Published on February 13, 2008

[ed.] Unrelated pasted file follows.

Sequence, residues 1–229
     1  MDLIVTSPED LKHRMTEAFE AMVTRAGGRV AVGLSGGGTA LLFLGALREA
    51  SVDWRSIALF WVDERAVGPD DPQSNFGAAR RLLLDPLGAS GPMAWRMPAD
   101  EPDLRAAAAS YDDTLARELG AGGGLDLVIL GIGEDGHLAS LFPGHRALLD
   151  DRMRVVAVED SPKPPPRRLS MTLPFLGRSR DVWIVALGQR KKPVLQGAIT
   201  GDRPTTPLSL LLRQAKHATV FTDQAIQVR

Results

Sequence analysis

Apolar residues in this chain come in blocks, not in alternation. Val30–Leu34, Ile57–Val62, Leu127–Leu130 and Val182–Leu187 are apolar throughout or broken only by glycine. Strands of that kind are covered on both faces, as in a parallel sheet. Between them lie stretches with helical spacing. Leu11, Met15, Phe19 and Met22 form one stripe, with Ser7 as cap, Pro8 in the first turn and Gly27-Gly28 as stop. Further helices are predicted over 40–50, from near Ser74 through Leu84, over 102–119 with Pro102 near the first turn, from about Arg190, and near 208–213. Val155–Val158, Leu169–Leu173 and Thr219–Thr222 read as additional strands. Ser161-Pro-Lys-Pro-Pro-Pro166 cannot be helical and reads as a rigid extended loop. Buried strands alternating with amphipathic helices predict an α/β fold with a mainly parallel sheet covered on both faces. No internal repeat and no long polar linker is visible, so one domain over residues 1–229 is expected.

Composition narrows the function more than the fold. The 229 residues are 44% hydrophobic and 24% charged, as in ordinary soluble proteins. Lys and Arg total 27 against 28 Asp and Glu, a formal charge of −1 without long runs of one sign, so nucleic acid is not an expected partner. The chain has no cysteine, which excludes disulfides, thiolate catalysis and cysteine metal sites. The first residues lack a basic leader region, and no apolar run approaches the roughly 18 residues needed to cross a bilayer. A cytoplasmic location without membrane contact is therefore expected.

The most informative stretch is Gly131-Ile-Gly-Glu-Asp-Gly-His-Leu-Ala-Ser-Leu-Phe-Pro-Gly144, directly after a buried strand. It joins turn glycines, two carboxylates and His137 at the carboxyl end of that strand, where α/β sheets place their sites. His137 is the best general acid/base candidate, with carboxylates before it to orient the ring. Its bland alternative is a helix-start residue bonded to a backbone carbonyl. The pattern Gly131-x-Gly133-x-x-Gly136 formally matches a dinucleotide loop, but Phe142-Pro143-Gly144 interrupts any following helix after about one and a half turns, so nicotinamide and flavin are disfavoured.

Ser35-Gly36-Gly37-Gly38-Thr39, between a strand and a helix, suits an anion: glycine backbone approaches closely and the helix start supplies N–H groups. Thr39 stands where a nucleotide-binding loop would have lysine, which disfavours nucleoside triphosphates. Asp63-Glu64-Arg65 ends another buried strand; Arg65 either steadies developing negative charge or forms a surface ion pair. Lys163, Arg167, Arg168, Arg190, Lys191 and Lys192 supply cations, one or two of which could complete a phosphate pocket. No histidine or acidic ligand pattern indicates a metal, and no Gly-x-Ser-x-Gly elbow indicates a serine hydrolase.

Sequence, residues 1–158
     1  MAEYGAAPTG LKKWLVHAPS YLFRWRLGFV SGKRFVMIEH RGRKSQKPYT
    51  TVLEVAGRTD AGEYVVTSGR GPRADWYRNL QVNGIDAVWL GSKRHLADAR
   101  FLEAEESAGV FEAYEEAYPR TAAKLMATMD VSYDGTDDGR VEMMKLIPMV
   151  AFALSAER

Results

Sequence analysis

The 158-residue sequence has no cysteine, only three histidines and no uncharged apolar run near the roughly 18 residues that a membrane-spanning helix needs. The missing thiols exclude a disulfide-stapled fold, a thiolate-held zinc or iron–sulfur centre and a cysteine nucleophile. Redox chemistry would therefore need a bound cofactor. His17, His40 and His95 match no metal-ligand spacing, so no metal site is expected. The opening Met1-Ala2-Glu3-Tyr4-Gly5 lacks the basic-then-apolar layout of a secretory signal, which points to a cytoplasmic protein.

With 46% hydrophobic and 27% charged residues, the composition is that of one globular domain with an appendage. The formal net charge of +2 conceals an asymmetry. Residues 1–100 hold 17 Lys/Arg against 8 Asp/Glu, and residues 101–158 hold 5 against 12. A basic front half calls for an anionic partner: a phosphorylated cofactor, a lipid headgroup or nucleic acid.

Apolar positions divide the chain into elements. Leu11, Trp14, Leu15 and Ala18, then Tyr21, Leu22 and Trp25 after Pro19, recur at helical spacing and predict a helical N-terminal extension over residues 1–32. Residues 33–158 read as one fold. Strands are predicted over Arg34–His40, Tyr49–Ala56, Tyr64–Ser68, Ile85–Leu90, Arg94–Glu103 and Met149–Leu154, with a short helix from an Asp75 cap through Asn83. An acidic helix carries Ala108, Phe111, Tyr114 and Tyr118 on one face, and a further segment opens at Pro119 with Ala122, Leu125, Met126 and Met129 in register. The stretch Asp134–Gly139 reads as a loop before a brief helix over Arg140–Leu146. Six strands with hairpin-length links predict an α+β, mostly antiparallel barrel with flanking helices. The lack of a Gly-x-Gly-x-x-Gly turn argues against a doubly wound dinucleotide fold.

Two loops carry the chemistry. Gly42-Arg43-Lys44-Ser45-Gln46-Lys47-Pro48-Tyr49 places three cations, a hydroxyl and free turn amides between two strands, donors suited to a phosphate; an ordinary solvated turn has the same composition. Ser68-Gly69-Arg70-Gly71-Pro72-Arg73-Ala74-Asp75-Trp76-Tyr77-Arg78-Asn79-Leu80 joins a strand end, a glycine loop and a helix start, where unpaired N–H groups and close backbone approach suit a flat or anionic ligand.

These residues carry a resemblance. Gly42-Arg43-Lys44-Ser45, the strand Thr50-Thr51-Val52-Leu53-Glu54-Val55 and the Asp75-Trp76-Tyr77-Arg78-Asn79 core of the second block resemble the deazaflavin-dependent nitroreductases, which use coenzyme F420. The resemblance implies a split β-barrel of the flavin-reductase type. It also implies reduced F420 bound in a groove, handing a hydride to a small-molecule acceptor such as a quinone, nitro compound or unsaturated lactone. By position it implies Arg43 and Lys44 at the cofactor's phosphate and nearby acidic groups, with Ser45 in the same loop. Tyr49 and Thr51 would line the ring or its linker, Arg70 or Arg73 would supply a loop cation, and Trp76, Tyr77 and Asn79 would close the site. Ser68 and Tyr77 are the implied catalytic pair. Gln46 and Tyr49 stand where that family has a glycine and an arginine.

The World’s Oceans: The World’s Oceans 71% of the Earth’s surface is covered by ocean water. The oceans contain 97% of the earth’s water. All the oceans and seas are actually one continuous body of water. Oceans: Oceans The oceans are the Atlantic, Pacific, Indian. Arctic and Southern. The Pacific Ocean is the largest ocean. The area and volume of the Pacific Ocean are greater than the Atlantic and Indian combined. Seas: Seas A sea is a part of an ocean that is nearly surrounded by water. The Mediterranean, Arctic and Black Sea are really part of the Atlantic Ocean. Water Cycle: Water Cycle The sun’s rays heat the surface of the ocean. The heat causes the water to evaporate. The evaporating water (clean, fresh water) enters the atmosphere as water vapor. The salt remains behind. Water Cycle: Water Cycle Winds carry water vapor over land. Some of the water vapor condenses to form clouds. The water in the clouds falls as precipitation. Water Cycle: Water Cycle Some of this water runs into rivers and streams which flow back into the oceans. Some of the water seeps into the soil and rocks become part of the groundwater. Properties of Ocean Water: Properties of Ocean Water Ocean water is a mixture of gases and solids dissolved in pure water. Oceanographers believe oceans contain all the natural elements on Earth. 85 of 90 have been found in the ocean. Major Elements in the Ocean: Major Elements in the Ocean Ocean water is 96% pure water. Chlorine (1.9) and sodium (1.1) make up the next largest concentration of elements. Sodium chloride is table salt. Salinity: Salinity Salinity describes the amount of dissolved water in the ocean. Salinity is expressed in parts per thousand. The salinity level of the ocean is expressed in parts per thousand. The average salinity of ocean is 35 parts per thousand. Sources of Salt in the Ocean: Sources of Salt in the Ocean When volcanoes erupt, rock materials and gases, such as chlorine, spew forth. As rivers, streams and glaciers move over rock and soil, they dissolve salts, such as magnesium, sodium and potassium, in them. As waves pound the shoreline, they dissolve salts from the rocks. Salinity Levels: Salinity Levels The salinity is lower in areas where freshwater rivers run into the ocean. Salinity levels are also affected by animals such as clams and oysters that use calcium salts to build their shells. They remove salt from the water. In warm ocean areas where there is little rainfall and much evaporation, the amount of dissolved salts is much greater. In polar regions, the salinity levels are high because temperatures are cold enough for ocean water to freeze. Pure water is removed and salts are left behind. Gases in Ocean Water: Gases in Ocean Water The most abundant gases in ocean water are nitrogen, carbon dioxide and oxygen. The amounts of these elements vary with depth. They are more abundant at the ocean’s surface where sunlight causes more plant life. Temperature of Ocean Water: Temperature of Ocean Water Warm water holds less dissolved gas than cold water. When ocean water is cold, like in polar regions, it sinks and carries oxygen rich water to the ocean depths. As a result, fish and other animals can live in deep parts of the ocean. Temperature of Ocean Water: Temperature of Ocean Water Sun is the major source of heat for the ocean. Motions of the ocean, such as waves and currents, mix the surface water and transfer the heat downward. Surface Zone: Surface Zone The zone where the water is mixed by waves and currents is called the surface zone. The surface zone extends 100-400 meters downward. The temperature remains constant with depth. Temperature in a surface zone changes due to seasons and locations. Thermocline: Thermocline The zone of rapid temperature change is called the thermocline. The thermocline does not occur at a certain depth. The season and flow of ocean currents alter the depth of the thermocline. The thermocline exists because warm, surface water does not mix easily with colder, denser water. Deep Zone: Deep Zone The thermocline forms a transition between the surface zone and the deep zone. The deep zone is an area of extremely cold water that extends from the bottom of the thermocline to depths of 4000 meters or more. Deep Zone: Deep Zone Within the deep zone, temperatures decrease only slightly. At depths greater than 1500 meters, the temperature is about 4 degrees C. The three ocean zones are not found in the polar (Arctic and Antarctica) regions since the surface waters are always cold. The Ocean Floor: The Ocean Floor The topography of the ocean floor is different from the topography of the continents The Ocean Floor: The Ocean Floor The ocean floor has higher mountains, deeper canyons, and larger flatter plains. Earthquakes occur more often. The rocks are very different. The crust is thinner. Edges of the Continents: Edges of the Continents The shoreline is a boundary between where the land and the ocean meet. The area where the underwater edge meets of a continent meets the ocean floor is called a continental margin. Continental Margin: Continental Margin The area where the underwater edge of a continent meets the ocean floor is called a continental margin. A continental margin consists of a continental shelf, a continental slope and a continental rise. Continental Shelf: Continental Shelf The flat part of a continental margin that is covered by shallow ocean water is called a continental shelf. A continental shelf slopes gently from the shoreline. The width of the continental shelf varies. Large mineral, oil and natural gas deposits are found here. Continental Slope: Continental Slope At the edge of the continental shelf, the ocean floor plunges steeply 4 to 5 kilometers. A continental slope marks the boundary between the crust of the continent and the crust of the ocean floor. Continental Rise: Continental Rise Separating a continental slope from the ocean floor is a continental rise. A continental rise is made of large amount of sediments, rocks, plants and animals. Sometimes the sediments are carried down the slope in masses of flowing water called turbidity currents, like an underwater avalanche. Submarine Canyons: Submarine Canyons In many areas, submarine canyons cut through a continental shelf and slope. They are deep, V-shaped valleys that have been cut in the rock, possibly by turbidity currents. The Monterey Submarine Canyon(2000 meters) is deeper than the Grand Canyon. Abyssal Plains: Abyssal Plains Large, flat areas on the ocean floor are called abyssal plains. The abyssal plains are larger in the Atlantic and Indian than in the Pacific due to the deposition of sediments by large rivers. The Pacific Ocean has large cracks that trap sediments and result in smaller abyssal plains. Abyssal Plains: Abyssal Plains Abyssal plains close to the continent are made of mud, sand and silt. Farther out on the abyssal plains, some of them contain the remains of tiny organisms that form ooze. Where ocean life is not abundant, the floor of the ocean is covered with red clay Seamounts and Guyots: Seamounts and Guyots Seamounts are underwater volcanic mountains that rise more than 100 meters above the ocean floor. Most have been found in the Pacific Ocean. Some seamounts reach above the surface of the water to form islands, like the Azores in the Atlantic and the Hawaiian islands in the Pacific. Guyots are flat-topped seamounts. Trenches: Trenches Trenches are the deepest parts of the ocean found along the edge of the ocean floor. The Mariana Trench in the Pacific Ocean contains the deepest spot (1100 meters) on Earth known as Challenger Deep. Midocean Ridges: Midocean Ridges The midocean ridges form an almost continuous mountain belt that extends from the Arctic Ocean down through the middle of the Atlantic Ocean around Africa into the Indian Ocean and across the Pacific Ocean. In the Atlantic it is called the mid-Atlantic Ridge and in the Pacific, the Pacific-Antarctica Ridge. Formation of Midocean Ridges: Formation of Midocean Ridges Mountain ranges on land are formed when the Earth’s crust folds and is squeezed together. Midocean ridges are areas where molten material from deep within the Earth flows up to the surface and cools and forms new crust. Rifts: Rifts Running along the middle of the midocean ridges between the rows of parallel mountains are deep crevices or rifts. Rifts are areas of great earthquake and volcanic activity. Reefs: Reefs Surrounding volcanic islands in tropical waters are large masses and ridges of limestone rock, known as coral reefs. The limestone structures contain the shells of animals. These animals cannot exist in water cooler than 18 degrees C and deeper than 55 meters. Types of Coral Reefs: Types of Coral Reefs Fringing reefs Barrier reefs Atoll Fringing Reefs: Fringing Reefs Fringing reefs are coral reefs that touch the shoreline of a volcanic island. Fringing reefs are usually less than 30 meters. Barrier Reefs: Barrier Reefs Barrier reefs are separated from the shore by an area of shallow water called a lagoon. Barrier reefs are usually larger than fringing reefs and surround islands that are more submerged. The largest barrier reef is the Great Barrier Reef of Australia. It is 23oo km long and 320 km wide. Atoll: Atoll An atoll is a ring of coral reefs that that surround an island that has sunk beneath the surface of the ocean. Ocean Life Zones: Ocean Life Zones Intertidal Zone (Splash Zone) Neritic Zone (Continental Shelf) Open Sea Zone – Bathyal (Continental Slope) Abyssal (Ocean floor) Ocean Life Zones: Ocean Life Zones The plant and animal life in the ocean is affected by several factors. One factor is the amount of sunlight that penetrates the ocean. Another factor is the temperature of the ocean water. Water pressure is also a factor. Major Groups of Ocean Life: Major Groups of Ocean Life Plants and animals in the ocean are classified into three major groups based on their habits and the depth of the water in which they live. The three major groups are plankton, nekton and benthos. Plankton: Plankton Plankton float at or near the surface where sunlight can penetrate. Most of the plankton are very small, such as algae. These organisms drift with the currents or tides. Plankton are the main food for many larger organisms. They account for most of the organisms in the ocean. Nekton: Nekton Whales , seals , dolphins, squid octopuses, barracuda and other fish are all nekton. Nekton are free-swimming organisms that feed on other nekton as well as on plankton. Many have adaptations enabling them to function at depths that have great pressure and no light. Benthos: Benthos Organisms that live on the ocean floor are benthos. The forms of these animals include crustaceans and shell fish. The deep bottom environments are sparsely populated with benthos. Some benthos are plants that live on the ocean floor in shallow waters where sun can penetrate. Ocean Life Zones: Ocean Life Zones The classification of the ocean into life zones is based on the conditions in the ocean. These conditions vary widely. The classification includes the intertidal zone, the neritic zone and open-ocean zones. Intertidal (Splash) Zone: Intertidal (Splash) Zone This region is the most changeable in the ocean. Anemones, crabs, clams, mussels and plants such as seaweed live here. They must be able to exist without water for periods of time. They must be able to anchor to keep from being washed out to sea. Neritic ( Shelf) Zone: Neritic ( Shelf) Zone This zone extends to a depth of 200 meters and receives plenty of sunlight. The water pressure is low and the temperature is constant. This zone can support plankton, nekton and benthos. Marine life is most abundant here. Open Ocean Zones: Open Ocean Zones There are two open-ocean zones:bathyal and abyssal Bathyal (Slope): Bathyal (Slope) The bathyal zone begins at the continental slope and extends down about 2000 meters. Sunlight cannot penetrate the bottom of this zone and plants do not grow at the bottom. Many forms of nekton, such as squid, octopus and large whales live in this zone. Abyssal (Ocean Floor) Zone: Abyssal (Ocean Floor) Zone At a depth of about 2000 meters, the abyssal zone begins. The abyssal zone extends to a depth of 6000 meters. This zone covers the large flat plains of the ocean. No sunlight can penetrate and food is scarce. The water pressure is great. Most of the animals here are small. Some make their own light. Studying the Ocean Floor: Studying the Ocean Floor In 1872, the first expedition to explore the ocean began when the Challenger sailed from England. Scientists used wire to measure the ocean depth. Scientists aboard used nets to collect animals and plants from the ocean floor. Special thermometers measured the temperature. Samples of water were collected. Present Oceanographers: Present Oceanographers Today oceanographers have modern instruments. Underwater cameras provide pictures of the ocean floor. Corers bring up samples of med and sand from the ocean bottom. Bathyspheres, bathscaphs and other submersibles are able to dive deep under the surface to explore Mapping the Ocean Floor: Mapping the Ocean Floor One of the most important goals is to map the ocean floor. This is done by indirect methods such as echo sounding, radar, sonar and seismographic surveys. Echo Soundings: Echo Soundings All of these methods are based on the same principles. Energy waves are sent down to the floor are reflected and return to the surface, where they are recorded. Knowing the speed of sound, 1500 m per second, oceanographers can determine the depth. The most complete picture was gathered from information from a satellite, the Seasat, launched in 1978 Motions of the Oceans: Motions of the Oceans Ocean water never stops moving. The three basic motions of the ocean are : the up and down movement of the waves. The steady movement of ocean currents and the rise and fall of the ocean tides. Waves: Waves Waves are pulses of energy that move through the ocean. Waves are set in motion by winds, earthquakes and the gravitational pull of the moon. The most common source of wave movement is the wind blowing across the surface. Movement of Waves: Movement of Waves The water in a wave is not moving forward at all. Only the energy moves forward through the water producing one wave after another. The energy is passed from particle to particle. It is also passed downward. With increasing depth, the motion of the particles decrease. At a certain depth the motion stops. In deep water, there are no waves except those caused by tides and earthquakes. Height of the Waves: Height of the Waves Three factors affect the height of waves: wind speed, the length of time the wind blows and the distance the wind blows over the water. As each of these factors increases, the height of the wave increases. Wave Characteristics: Wave Characteristics The point of the wave is called the crest. The lowest point of the wave is called the trough. The horizontal distance between two consecutive crests or troughs is the wavelength. The vertical distance between a crest and a trough is called the wave height. Wave Period and Frequency: Wave Period and Frequency The amount of time it takes consecutive crests or troughs to pass is called the wave period. The number of crests or troughs passing a given point in a certain wave period is called the wave frequency. As wave frequency increases, wave length decreases. Swells: Swells Waves stay the same distant apart out in the open ocean. The wavelength is constant. These waves are called swells. Surf: Surf Waves change as they near the shore. They slow down and get closer together. Their wavelength decreases and their increase until they crash forward as breakers. This is called the surf. Undertow: Undertow The water then flows back toward the ocean carrying bits of seaweeed, sand and pebbles. The retreating water is called an undertow. Tsunamis: Tsunamis Some ocean waves are caused by earthquakes. Tsunamis have very long wavelengths and are very deep. They carry a huge amount of energy Which is concentrated in much less water as it nears the shore. Tsunamis reach heights of 35 meters (an average 10-story building). Currents: Currents Water below the surface moves in streams called currents. Currents are caused by two factors: wind patterns and differences in water density. Surface Currents: Surface Currents Currents caused mainly by wind patterns are called surface currents. These currents have a depth of several hundred meters. The temperature of a current depends on where it originated, making it either warm or cold. Long-Distance Currents: Long-Distance Currents Surface currents that travel thousands of kilometers are called long-distance currents, such as the Gulf Steam. The Gulf Stream carries warm water from the southern tip of Florida north along the eastern coast of the United States moving at speeds of 1.5 meters per second. Continuous Currents: Continuous Currents All currents form a continuous worldwide pattern of water circulation. The water in each ocean moves in a large, almost circular pattern. In the Northern Hemisphere, the currents move clockwise. In the Southern hemisphere, the currents move counterclockwise. Short- Distance Currents: Short- Distance Currents Short distance currents are usually found near a shoreline where the waves hit at an angle. When the waves hit the shoreline, the water turns and produces currents that move parallel to the shoreline called longshore currents. Longshore currents move large quantities of sand which deposit in sand bars. Rip Current: Rip Current If the longshore current cuts an opening in the sandbar the water will return to ocean in a powerful narrow flow called a rip current. A rip current is a type of undertow. Deep Currents: Deep Currents Deep currents are caused mainly by differences in water density. The cold, salty water, that is more dense, flowing from the polar regions moves under the less dense water away from the polar regions. Most deep currents flow in the opposite direction from surface currents. Upwellings: Upwellings The densest water on Earth lies off the coast of Antarctica. This water sinks to the ocean floor and flows north. As the Antarctic currents come close to land, the ocean floor rises, forcing these cold currents upward. These risings, called upwellings, carry rich food from the ocean floor that results in rich fishing grounds near PSpring and Neap Tides Spring Tides, higher than normal high tides, are produced when the sun, Earth and moon line up or new and full moon phases. Neap tides, lower than normal high tides, are produced when the sun, Earth and moon are at right angles or first and last quarter moon phases.